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Last updated: December 6, 2012 9:29 am
Standard Chartered expects to pay another $330m to resolve all outstanding investigations into its US sanctions breaches, in addition to the $340m it has already handed over to the New York state Department of Financial Services.
The emerging markets-focused bank on Thursday said it was close to concluding settlement talks with four US regulators to give shareholders an idea of the penalty they will have to pay to close the matter.
Richard Meddings, finance director, said the deal was expected by the end of the year and would not be limited to its activities in Iran, which were the focus of the first fine.
“It is for Iran and other countries where we have been looking at our historic sanctions compliance,” he said, without giving further detail about which of its past international dealings had also been contentious.
“The discussions are going well, they are active,” he said, adding that the bank did not expect to face regulatory action in any other country over the matter.
Shares in StanChart up 1.04 per cent at £15.04 in mid-afternoon trading in London following the news of the expected deal, still below the peak of £15.67 they achieved in August before the affair blew up.
Analysts at Bank of America Merrill Lynch said they had previously expected the remaining settlements to cost $600m rather than the $330m now envisaged: “The potential settlement hopefully brings the saga to an end allowing the bank to move on.”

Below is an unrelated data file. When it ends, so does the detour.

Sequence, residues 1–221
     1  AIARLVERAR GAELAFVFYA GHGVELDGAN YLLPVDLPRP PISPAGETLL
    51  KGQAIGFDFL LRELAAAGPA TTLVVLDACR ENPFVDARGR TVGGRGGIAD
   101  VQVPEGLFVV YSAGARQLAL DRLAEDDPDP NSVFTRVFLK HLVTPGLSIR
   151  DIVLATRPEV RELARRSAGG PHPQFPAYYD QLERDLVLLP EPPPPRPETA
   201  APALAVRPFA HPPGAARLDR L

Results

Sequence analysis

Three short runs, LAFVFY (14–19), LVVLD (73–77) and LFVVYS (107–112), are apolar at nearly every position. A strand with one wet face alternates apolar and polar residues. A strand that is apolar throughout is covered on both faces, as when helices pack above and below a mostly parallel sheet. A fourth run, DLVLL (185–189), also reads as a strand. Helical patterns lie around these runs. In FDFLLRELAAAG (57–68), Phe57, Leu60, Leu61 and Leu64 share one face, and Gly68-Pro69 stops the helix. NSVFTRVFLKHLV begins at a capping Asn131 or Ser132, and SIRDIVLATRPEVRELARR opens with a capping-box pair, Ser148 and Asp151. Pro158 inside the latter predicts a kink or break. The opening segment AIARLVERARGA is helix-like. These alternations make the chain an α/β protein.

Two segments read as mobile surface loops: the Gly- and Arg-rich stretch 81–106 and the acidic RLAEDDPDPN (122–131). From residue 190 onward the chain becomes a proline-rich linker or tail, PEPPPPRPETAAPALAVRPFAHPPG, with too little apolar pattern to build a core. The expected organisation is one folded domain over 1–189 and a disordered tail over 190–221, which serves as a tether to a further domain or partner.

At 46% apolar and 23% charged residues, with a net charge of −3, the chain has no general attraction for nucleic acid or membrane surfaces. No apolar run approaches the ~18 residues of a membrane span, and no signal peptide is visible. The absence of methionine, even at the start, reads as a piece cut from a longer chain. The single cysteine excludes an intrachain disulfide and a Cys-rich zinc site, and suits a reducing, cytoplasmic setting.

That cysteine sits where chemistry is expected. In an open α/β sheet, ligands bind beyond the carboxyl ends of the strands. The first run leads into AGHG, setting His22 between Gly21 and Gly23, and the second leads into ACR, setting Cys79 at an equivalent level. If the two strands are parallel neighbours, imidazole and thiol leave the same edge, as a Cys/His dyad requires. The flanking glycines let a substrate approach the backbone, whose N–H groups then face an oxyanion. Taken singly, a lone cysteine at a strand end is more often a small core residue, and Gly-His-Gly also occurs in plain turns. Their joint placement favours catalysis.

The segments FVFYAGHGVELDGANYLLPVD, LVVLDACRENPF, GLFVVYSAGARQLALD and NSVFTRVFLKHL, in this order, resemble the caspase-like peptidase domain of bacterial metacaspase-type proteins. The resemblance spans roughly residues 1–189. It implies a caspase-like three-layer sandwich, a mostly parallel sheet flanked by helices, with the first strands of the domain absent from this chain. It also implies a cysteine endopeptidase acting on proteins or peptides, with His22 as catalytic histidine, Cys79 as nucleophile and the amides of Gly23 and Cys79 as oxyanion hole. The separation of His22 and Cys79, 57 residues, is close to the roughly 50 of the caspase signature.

The regulators with which StanChart said it was close to agreeing a settlement are the Federal Reserve, the Office of Foreign Assets Control, the Department of Justice and the New York district attorney’s office.
Mr Meddings said the charge would probably be taken in its current financial year, which concludes at the end of December.
In August, StanChart was accused of hiding illegal transactions with Iran by the New York state Department of Financial Services, which had broken ranks with other regulators to pursue the British group.
The move caused StanChart’s shares to fall heavily as investors feared that it might lose its state banking licence, but the $340m settlement announced with the state regulator later that month dispelled those concerns and sparked a rally.
StanChart disclosed the likely cost of the second penalty in a trading statement, saying income for the year was likely to show “high single-digit” percentage growth, or double-digit growth when adverse currency movements are stripped out.
Pre-tax profit would grow at a “mid single-digit rate”, it said, although this did not take into account the expected settlement cost. There had been no new material bad loan provisions so far in the second half of the year, it added.
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